Johannesburg, South Africa, 16 Nov – The Brazilian business mission to Southern Africa ended its tour of Angola, Mozambique and South Africa Thursday in Johannesburg where Minister Miguel Jorge attempted to solve issues of a commercial nature.
During a meeting between Brazil’s Development, Industry and Foreign Trade Minister, Miguel Jorge, and South Africa’s Minister for Industry and Trade, Rob Davies, the two governments signed a deal to try to solve trade problems that block exports and imports of goods from both countries.
One of the main obstacles involves the sale of Brazilian pork as it is affected by restrictions imposed by the South African government, which has alleged problems with health and hygiene conditions to veto the entry of pork from Brazil.
However, the Brazilian authorities have said that the products meets all international standards and there is no reason for the ban, with ministers Miguel Jorge and Rob Davies showing an interest in finding a solution to the stalemate and ending the controversy.
According to Jorge, by February of 2010 this and others issues will be solved.
The Brazilian business tour began on 9 November in Angola, where Minister Jorge was met by Angola’s president, José Eduardo dos Santos, to whom he delivered a letter from President Lula da Silva stating Brazil’s interest in closer economic relations with Angola.
Angola is one of the African countries with the largest Brazilian populations, with an estimated 40,000 Brazilian residents.
In Maputo, Mozambique, the second stop on the mission’s tour, Jorge met with the ministers for Industry and Trade, António Fernando, Transport and Communications, Paulo Zucula, Energy, Salvador Namburete, and with representatives of the Finance Ministry, Ministry for Public Works and the Bank of Mozambique.
One of the official meetings was between representatives of the Mozambican government and the Committee for Financing and Guarantee of Exports (Cofig) – linked to Chamber of Foreign Trade (Camex), Banco Nacional de Desenvolvimento Económico e Social (BNDES) and the Bank of Brazil, to discuss possible credit lines from the Brazilian government for Mozambique.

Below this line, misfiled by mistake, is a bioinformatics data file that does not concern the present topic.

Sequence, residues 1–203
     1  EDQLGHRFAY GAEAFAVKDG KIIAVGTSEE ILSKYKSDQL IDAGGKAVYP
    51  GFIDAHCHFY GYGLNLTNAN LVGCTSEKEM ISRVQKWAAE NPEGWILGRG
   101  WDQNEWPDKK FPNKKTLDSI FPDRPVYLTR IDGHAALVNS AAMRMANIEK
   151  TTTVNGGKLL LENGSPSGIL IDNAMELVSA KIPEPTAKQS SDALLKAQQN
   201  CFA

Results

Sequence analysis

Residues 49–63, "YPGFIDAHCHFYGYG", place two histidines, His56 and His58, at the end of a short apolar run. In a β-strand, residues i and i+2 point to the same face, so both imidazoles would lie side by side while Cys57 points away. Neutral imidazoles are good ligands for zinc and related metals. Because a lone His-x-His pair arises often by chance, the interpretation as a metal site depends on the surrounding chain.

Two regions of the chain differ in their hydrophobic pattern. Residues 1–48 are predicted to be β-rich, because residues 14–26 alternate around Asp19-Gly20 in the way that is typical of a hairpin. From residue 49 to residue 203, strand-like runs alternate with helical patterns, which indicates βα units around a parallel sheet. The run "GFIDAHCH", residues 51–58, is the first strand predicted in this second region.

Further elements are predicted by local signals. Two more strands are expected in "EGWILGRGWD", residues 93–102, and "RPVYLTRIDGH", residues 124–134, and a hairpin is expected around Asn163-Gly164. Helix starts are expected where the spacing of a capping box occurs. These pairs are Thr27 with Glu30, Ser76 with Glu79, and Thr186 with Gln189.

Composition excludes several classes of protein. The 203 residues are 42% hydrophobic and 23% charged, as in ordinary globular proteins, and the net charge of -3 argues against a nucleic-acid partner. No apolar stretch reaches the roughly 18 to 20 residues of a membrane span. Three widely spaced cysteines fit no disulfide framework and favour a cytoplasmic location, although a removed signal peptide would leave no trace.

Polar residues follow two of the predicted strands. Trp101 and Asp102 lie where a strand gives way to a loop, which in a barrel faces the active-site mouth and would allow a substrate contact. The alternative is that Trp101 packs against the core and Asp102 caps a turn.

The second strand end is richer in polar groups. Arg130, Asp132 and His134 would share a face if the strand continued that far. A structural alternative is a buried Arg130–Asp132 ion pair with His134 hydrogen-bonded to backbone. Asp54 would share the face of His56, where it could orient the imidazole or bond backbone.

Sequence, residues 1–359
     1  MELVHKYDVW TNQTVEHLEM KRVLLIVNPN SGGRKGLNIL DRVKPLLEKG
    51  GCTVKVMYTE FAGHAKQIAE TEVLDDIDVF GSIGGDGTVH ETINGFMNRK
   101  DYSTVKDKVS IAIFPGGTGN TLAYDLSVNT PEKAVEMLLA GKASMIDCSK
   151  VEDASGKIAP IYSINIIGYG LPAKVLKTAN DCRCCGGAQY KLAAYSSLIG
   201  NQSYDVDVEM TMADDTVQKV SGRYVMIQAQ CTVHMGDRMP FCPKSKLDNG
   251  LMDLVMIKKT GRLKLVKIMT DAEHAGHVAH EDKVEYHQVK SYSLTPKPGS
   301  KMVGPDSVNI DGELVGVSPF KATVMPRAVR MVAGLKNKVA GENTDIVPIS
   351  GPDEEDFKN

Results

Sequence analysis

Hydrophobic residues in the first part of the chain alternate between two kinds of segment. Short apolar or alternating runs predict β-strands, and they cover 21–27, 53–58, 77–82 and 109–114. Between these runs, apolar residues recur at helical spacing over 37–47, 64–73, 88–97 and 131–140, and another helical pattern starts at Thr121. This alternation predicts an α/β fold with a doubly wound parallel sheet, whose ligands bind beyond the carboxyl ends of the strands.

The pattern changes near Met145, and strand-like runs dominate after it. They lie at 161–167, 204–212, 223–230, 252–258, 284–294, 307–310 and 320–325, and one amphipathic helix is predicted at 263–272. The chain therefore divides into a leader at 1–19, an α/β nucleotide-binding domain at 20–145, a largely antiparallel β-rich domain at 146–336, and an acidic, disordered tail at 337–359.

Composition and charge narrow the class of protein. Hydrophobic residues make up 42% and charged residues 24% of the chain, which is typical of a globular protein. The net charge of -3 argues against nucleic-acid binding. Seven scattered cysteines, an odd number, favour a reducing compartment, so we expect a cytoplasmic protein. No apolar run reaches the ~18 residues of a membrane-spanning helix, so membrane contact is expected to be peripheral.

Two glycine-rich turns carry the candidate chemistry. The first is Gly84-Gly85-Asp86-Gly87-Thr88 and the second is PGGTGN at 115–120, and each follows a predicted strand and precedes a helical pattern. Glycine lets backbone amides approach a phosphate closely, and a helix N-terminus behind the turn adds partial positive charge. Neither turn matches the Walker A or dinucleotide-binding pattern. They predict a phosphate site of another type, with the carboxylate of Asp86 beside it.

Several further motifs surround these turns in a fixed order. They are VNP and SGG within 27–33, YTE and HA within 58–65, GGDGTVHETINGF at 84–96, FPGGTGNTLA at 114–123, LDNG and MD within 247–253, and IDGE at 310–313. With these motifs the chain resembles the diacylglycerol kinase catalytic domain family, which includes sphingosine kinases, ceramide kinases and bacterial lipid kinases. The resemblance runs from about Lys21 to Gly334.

Brazilian investment in Mozambique is still insignificant and is not included in the latest figures published by the Centre for Investment Promotion (CPI) which showed that Brazil was ranked 30th in 2006, in the list of countries with investments in Mozambique, rising to 11th in 2007.
In terms of large Brazilian investments in Mozambique, the Vale company is of note in coal mining at Moatize in Tete province, with investment of US$1.6 billion, and is expected to produce around 11 million tonnes of mineral coal per year. Brazilian construction company Camargo9 Corrêa is also well-positioned in the project to build the Mpanda N’Kuwa Hydroelectric facility, also in Tete province.
During the visit Jorge said that Brazil was waiting for an official request from Mozambique to formalise funding for the re-conversion of Nacala airport and the coal terminal at the port of Beira, for which funding of US$300 million has already been approved in Brasilia.
The Brazilian delegation, made up of 90 businesspeople represents, amongst other production sectors, food and drink, agri-business, construction, energy, machinery, cosmetics, electronic materials, footwear, infrastructures and textiles., as well as government officials.
In January, a mission of Brazilian businesspeople visited Morocco, Libya, Algeria and Tunisia. Five months later, in June, a Brazilian delegation also travelled to Ghana, Senegal, Nigeria and Equatorial Guinea. (macauhub)